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ADM starts commercial-scale CCS at Decatur ethanol plant

Archer Daniels Midland Company (ADM) and the US Department of Energy (DOE) have announced that the Illinois Industrial Carbon Capture and Storage (ICCS) project, a partnership to safely and permanently store more than 1 million tonnes of carbon dioxide (CO2) annually from corn ethanol production, has begun operations.

Inter‐stage piping in the compressor facility (photo courtesy ADM).

Inter‐stage piping in the compressor facility (photo courtesy ADM).

US-headed Archer Daniels Midland Company (ADM) one of the world’s largest agricultural processors and food ingredient providers and the US Department of Energy (DOE) announced April 7 that the Illinois Industrial Carbon Capture and Storage (ICCS) project at ADM’s Decatur corn ethanol facility has begun operations by injecting carbon dioxide (CO2) into a large saline reservoir.

– We are extremely proud to be part of this important program. The technology that we are using in Decatur can be a model for reducing industrial carbon emissions around the world, said Todd Werpy, Chief Technology Officer at ADM.

Major saline aquifer

Built adjacent to ADM’s 350 million gallon (≈ 1.32 billion litre) per annum corn ethanol facility in Decatur, Illinois, the ICCS plant captures CO2 generated as a byproduct of the fermentation process and stores it almost 2 km underground in the Mount Simon Sandstone. This is the primary carbon storage resource in the Illinois Basin and the Midwest region and one of the largest saline aquifers in the world.

The ICCS project can store approximately one million tonnes of CO2 per annum at depths of approximately 7 000 feet (≈2.1 km). This is roughly equivalent to the annual amount of CO2 generated by the fermentation process at the ethanol facility.

However, researchers estimate that the sandstone formation can potentially store more than 250 million tonnes of produced CO2 each year. Nearly 50 years of successful natural gas storage in the Mount Simon Sandstone indicates that this saline reservoir and overlying seals should effectively contain stored CO2.

World’s first large-scale biofuel CCS project

The ICCS is a partnership project operated by ADM and administered by the DOE’s Office of Fossil Energy and managed by the National Energy Technology Laboratory (NETL). It received a US$141 million investment from DOE, matched by over US$66 million in a cost share agreement with ADM, the University of Illinois (U of I) through the Illinois State Geological Survey, Schlumberger Carbon Services, and Richland Community College.

– This project marks a major step forward for the advancement of industrial carbon capture and storage technologies, said Doug Hollett, Acting Assistant Secretary for Fossil Energy.

With the capability to store 1.1 million tonnes of carbon annually, ICCS is designed to demonstrate the commercial-scale applicability of carbon capture and storage technology in a saline reservoir. The project is currently permitted to operate for five years and has the potential to store up to 5.5 million tonnes of CO2.

– 2017 is a watershed year for carbon capture in the United States. On the heels of the successful opening of Petra Nova in Texas, the Illinois Industrial facility serves as another example that large-scale CCS deployment works, is safe, and serves as a key component of a low-carbon future, said Jeff Erikson, General Manager of the Americas region with the Global CCS Institute, an international membership organisation with a mission to accelerate the development, demonstration and deployment of carbon capture and storage (CCS).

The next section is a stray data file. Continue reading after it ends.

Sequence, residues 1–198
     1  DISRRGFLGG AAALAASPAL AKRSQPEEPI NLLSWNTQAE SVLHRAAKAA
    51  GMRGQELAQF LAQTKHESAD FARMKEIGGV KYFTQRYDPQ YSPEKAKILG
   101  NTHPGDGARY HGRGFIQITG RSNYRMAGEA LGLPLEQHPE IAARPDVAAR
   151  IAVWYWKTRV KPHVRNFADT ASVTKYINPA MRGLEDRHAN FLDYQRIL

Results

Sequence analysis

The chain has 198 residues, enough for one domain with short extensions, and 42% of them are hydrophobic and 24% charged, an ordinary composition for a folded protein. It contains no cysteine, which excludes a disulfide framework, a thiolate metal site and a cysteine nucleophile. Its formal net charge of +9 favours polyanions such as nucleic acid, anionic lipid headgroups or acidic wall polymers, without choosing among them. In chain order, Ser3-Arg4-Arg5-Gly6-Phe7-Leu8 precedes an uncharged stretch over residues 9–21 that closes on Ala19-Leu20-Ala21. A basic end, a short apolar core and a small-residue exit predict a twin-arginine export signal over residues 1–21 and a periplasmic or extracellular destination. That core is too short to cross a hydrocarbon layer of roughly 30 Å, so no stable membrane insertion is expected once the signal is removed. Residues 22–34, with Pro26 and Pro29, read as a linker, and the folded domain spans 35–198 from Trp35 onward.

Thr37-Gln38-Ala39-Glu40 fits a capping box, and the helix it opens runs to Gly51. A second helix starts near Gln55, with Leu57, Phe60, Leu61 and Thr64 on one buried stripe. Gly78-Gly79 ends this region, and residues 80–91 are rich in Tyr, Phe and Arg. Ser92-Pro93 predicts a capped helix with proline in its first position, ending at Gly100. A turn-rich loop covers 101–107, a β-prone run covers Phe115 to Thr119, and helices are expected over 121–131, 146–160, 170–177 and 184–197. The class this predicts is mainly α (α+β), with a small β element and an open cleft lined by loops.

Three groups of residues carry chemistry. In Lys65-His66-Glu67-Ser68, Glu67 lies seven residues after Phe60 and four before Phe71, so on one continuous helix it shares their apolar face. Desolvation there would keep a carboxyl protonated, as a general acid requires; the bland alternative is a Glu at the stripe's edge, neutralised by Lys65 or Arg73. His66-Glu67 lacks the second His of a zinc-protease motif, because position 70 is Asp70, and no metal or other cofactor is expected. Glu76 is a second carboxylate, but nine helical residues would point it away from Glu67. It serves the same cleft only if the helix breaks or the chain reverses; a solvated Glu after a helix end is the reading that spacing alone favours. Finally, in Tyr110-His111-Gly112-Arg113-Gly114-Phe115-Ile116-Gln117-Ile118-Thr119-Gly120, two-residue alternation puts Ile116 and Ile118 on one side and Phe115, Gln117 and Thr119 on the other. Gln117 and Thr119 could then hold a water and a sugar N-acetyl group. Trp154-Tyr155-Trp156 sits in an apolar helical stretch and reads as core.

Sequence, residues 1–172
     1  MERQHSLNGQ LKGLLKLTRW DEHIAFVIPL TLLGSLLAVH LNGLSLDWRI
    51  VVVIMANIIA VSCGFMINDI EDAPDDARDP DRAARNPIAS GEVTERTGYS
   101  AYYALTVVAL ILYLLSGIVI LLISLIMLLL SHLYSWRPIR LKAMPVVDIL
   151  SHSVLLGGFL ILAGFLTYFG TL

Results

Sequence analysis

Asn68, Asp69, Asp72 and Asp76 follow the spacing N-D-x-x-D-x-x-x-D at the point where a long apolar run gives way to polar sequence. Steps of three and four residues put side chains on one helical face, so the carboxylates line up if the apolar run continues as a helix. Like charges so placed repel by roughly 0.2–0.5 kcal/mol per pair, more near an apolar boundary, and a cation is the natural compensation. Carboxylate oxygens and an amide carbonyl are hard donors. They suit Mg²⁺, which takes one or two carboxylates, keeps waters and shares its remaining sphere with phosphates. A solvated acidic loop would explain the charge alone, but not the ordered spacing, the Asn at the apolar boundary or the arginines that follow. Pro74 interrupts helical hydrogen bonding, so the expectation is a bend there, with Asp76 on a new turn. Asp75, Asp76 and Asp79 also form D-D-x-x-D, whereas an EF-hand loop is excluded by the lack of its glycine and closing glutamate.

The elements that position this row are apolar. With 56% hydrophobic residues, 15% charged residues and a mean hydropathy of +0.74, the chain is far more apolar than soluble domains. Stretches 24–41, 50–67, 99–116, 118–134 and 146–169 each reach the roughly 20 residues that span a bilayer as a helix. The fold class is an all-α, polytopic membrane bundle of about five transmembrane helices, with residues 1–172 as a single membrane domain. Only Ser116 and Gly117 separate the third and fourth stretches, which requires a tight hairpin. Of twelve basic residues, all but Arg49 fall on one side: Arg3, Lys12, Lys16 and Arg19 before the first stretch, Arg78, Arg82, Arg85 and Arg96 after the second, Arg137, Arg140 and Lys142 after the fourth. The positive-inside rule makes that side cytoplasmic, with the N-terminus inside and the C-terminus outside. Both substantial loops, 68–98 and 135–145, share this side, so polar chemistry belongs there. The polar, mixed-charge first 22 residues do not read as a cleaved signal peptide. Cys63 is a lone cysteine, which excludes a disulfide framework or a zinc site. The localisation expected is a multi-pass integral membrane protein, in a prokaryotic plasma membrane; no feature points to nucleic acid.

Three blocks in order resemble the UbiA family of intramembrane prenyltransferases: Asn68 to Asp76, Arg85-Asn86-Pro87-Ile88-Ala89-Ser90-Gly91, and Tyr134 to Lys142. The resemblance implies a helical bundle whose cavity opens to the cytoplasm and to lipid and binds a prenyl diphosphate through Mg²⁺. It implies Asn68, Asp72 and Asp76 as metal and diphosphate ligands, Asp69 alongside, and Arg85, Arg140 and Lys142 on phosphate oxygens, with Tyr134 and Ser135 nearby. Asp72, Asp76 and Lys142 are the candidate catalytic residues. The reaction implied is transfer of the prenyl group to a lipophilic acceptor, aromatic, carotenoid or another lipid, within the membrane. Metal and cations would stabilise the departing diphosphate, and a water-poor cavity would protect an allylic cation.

According to Erikson, the ICCS facility is the 12th large-scale CCS facility operating in North America and the first large-scale application of CCS in biofuels production in the world.

Second CCS project for ADM

It is also the second carbon capture and storage project that ADM has helped to lead. Previously, the company removed and stored approximately a million tonnes of carbon over three years as part of the smaller-scale Illinois Basin – Decatur Project (IBDP), led by the Midwest Geological Sequestration Consortium at the University of Illinois and supported with funding from the DOE.

Conducted during 2011 to 2014, the objective of the IBDP was to validate the capacity, injectivity, and containment of the Mount Simon Sandstone. The facility consists of a CO2 compression and dehydration unit, a delivery pipeline, one injection well, one observation/verification well and a geophysical test well.

The recently commenced ICCS project expands the CO2 capture and storage capacity to that of a commercial-scale operation and ADM has integrated the existing IBDP facilities with new facilities built under the ICCS project. The CO2 compression and dehydration unit has now a design capacity to pipe up to 2 000 tonnes per day of CO2 at over 99 percent purity to the injection site which is located about 1.6 km from the plant.

– ADM is committed to successfully feeding the world while minimizing our impact on the planet. Around the globe, across our business, from reducing waste and water usage to increasing energy efficiency to taking part in this groundbreaking carbon storage project, we are living up to our dedication to doing business the right way, ended Todd Werpy.

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